A civil engineering student from Brigham Young University took first prize and $1,000 in the American Society of Civil Engineers (ASCE) national ethics competition.
Every year, hundreds of engineering students submit their papers in the hopes of winning the distinguished Daniel W. Mead award. This year Trevor Jones, a senior in the Ira A. Fulton College of Engineering and Technology, came in first place in the nation.
The Daniel W. Mead contest began in 1939 and was named after the 67th President of ASCE. The contest itself is writing based, and centers on the topic of professional ethics. This year’s topic was “Natural Disasters – What are the Civil Engineer’s Responsibilities?”
Jones’ paper focuses on the engineer’s responsibility to protect human life, especially in regards to natural disasters. He believes that human life can be protected during times of disaster through responsible design, conscientiously writing and approving specification codes and honest risk advisement to the public.
“During times of catastrophic natural disaster, public infrastructure is pushed to its limit,” Jones said in his paper. “It is the engineer's responsibility to ensure that all possible precautions are taken so that, when a natural disaster inevitably does occur, structures and infrastructure remain intact, and the public remains safe. Only when engineers have done this can the public be truly safe from nature's fury.”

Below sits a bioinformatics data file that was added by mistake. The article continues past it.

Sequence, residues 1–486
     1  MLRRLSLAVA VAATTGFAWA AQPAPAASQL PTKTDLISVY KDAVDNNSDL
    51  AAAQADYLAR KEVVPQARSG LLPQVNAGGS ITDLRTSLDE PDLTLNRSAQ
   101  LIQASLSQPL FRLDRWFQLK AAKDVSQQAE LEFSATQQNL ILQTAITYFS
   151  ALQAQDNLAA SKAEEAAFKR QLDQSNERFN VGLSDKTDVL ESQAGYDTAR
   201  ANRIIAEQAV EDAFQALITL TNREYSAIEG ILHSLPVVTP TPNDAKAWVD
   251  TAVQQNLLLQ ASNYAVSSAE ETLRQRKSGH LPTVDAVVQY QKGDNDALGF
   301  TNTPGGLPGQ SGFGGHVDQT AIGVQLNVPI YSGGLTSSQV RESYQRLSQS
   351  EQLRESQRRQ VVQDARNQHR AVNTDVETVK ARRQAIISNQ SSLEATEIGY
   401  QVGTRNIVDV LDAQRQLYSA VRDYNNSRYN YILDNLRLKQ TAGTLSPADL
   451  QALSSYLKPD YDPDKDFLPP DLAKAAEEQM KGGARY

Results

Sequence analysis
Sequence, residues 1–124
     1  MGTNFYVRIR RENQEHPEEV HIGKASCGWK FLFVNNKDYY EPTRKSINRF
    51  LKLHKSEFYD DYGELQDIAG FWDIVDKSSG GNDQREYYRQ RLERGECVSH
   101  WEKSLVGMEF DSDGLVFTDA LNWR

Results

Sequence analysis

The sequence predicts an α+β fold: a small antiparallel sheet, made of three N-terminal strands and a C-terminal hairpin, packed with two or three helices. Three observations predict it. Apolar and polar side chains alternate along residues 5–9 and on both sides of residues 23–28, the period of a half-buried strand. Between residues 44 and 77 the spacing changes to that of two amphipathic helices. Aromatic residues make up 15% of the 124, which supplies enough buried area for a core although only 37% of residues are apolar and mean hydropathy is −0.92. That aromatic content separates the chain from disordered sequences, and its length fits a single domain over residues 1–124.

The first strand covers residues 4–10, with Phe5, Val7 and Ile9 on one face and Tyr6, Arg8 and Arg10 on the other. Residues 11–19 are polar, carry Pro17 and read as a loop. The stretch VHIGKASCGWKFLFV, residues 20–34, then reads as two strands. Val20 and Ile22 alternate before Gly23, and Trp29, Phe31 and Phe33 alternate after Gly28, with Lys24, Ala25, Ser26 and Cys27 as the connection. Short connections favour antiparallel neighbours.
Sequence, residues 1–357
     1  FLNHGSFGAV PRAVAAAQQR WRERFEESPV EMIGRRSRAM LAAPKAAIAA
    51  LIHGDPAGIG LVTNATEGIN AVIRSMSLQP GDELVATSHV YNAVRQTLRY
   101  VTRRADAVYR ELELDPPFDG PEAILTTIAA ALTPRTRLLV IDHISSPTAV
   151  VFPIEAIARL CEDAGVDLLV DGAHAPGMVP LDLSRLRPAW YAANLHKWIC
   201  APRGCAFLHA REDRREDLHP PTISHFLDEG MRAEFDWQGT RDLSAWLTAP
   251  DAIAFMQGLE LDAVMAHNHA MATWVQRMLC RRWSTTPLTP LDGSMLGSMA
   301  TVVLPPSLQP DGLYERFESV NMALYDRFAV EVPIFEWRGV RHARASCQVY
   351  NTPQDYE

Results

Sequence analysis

One of the distinguishing factors for Jones’ paper was his use of real-world examples to demonstrate the practical application of his thesis.
“I think one of the things that might have set it apart is that I spent a good portion of the paper talking about case studies,” Jones said. “Times when engineers actually made a big difference in the safety of others during natural disasters.”
The Mead award brings a high level of notoriety, but for Jones, winning the award gave him more self-confidence.
“I couldn’t believe I had won, I was ecstatic,” Jones said. “I was able to win this national award, and compete against very prominent engineering schools. It helped boost my confidence a lot.”
For over 75 years ASCE has recognized and praised greatness in young engineers. Founded in 1852 by a group of twelve engineers, the ASCE represents over 145,000 members of the engineering world today, and is widely considered one of the largest and oldest engineering societies.
Jones’ article can be found at the ASCE website, along with information for students interested in applying.
provided by Trevor Jones